A 35-year-old Frenchman who had been in a vegetative state for the last 15 years after a car accident, recently showed signs of awareness after having key brain regions electrically stimulated via the vagus nerve in the neck.

A patient in this state might show involuntary movements, but has no self-awareness or about the environment. Repeated tests over the years showed no improvement in the man’s condition, until the vagus nerve was stimulated.

To trigger his vagus nerve, researchers from the French National Centre for Scientific Research in Bron, implanted a device in his chest to see if he could respond to some signals from the outside world.

The vagus nerve connects several brain areas including the thalamus and the locus coeruleus, which is responsible for the release of brain chemicals that are involved in arousal and alertness.

Stimulating the vagus nerve

The team wrapped very thin electrodes around the vagus nerve and monitored his situation for a month before the nerve was stimulated. He was then treated continuously over six months, with each treatment involving 30 seconds of stimulation followed by five minutes of rest.

The starting electrical current was 0.25 milliamperes, increasing by 0.25mA per week until 1.5mA was reached.

As soon as stimulation began, the man started to open his eyes more often. To test if the patient had any reaction, doctors proceeded to put an object in front of the patient’s eyes to see if he could follow it.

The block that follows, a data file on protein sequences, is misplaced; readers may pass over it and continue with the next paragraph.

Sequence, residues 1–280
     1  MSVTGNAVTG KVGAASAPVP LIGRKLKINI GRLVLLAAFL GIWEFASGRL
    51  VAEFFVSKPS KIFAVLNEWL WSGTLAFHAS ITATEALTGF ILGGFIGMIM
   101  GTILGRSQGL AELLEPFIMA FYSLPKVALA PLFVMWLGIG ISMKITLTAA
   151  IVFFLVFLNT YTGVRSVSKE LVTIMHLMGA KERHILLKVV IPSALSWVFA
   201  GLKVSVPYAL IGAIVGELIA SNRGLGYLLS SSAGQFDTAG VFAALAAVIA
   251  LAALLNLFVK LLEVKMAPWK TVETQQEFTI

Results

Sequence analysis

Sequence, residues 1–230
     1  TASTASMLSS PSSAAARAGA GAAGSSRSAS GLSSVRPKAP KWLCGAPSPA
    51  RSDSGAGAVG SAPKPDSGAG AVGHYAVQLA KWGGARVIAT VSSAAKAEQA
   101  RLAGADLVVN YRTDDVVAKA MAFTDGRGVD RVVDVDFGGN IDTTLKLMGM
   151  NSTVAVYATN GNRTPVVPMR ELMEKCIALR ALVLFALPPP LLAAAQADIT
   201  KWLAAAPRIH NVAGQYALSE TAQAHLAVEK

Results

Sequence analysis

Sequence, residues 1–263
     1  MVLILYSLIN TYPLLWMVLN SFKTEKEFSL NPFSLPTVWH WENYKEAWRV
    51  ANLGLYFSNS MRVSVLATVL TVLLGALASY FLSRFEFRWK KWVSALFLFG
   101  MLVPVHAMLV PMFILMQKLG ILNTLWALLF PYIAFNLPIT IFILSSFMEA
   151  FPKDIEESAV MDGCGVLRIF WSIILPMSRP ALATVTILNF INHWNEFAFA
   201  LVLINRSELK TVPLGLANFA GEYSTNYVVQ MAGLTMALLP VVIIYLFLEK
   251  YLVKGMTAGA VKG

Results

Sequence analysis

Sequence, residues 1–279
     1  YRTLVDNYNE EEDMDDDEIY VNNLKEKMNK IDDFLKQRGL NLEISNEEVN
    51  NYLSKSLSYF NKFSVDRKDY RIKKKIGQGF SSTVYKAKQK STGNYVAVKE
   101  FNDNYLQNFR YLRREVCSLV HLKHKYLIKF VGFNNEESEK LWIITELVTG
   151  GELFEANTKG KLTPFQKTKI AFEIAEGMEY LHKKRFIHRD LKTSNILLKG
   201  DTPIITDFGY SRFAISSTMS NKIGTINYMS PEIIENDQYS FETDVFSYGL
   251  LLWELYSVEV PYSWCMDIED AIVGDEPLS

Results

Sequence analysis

The result was positive and doctors carried on testing his reactions. He responded positively when he was asked to turn his head and also reacted by widening his eyes when the doctor came close to his face. He also attempted to follow an instruction to smile.

The team led by Angela Sirigu,, observed the changes through the brain imaging and electrical recordings of brain activity (EEG). The brain recordings provided additional evidence that a significant change happened.

Plasticity is possible in vegetative states

According to Sirigu, the vagus nerve stimulation makes it “possible to improve patients’ presence in the world.” This result, proved wrong the belief that patients who have been unconscious for more than a year, cannot be slightly conscious again.

Dr Nicholas Schiff, a neurologist at Weill Cornell Medicine and New York Presbyterian agrees, commenting that “a shift in observable behaviours from none – a vegetative state – to some limited ones – a minimally conscious state – can occur.”

He adds that there is “strongly accumulating evidence that it is possible in many cases to increase brain activity (long) after severe injury”, but he said that unfortunately “there is essentially no infrastructure to have clinical follow-up” or even “larger investigative studies.”

Steven Laureys of the University of Liege in Belgium, is happy to see what this study has found.

He said, “Clinicians for way too long have considered patients of unresponsive wakefulness as just waiting to die. And that is not true. There is some capacity for plasticity, and this is one other study showing that there can be changes.”

However, experts say that more time is needed to carry out multiple studies, to prove that the thalamus really is the door to consciousness. This can help bring back patients, who are in vegetative states or a minimally conscious position.

Laureys agreed by saying, “We need to be careful. It’s not that we can now implant any patient and give them back consciousness. The challenge is to understand why this works. It will not work in all patients.” MIMS

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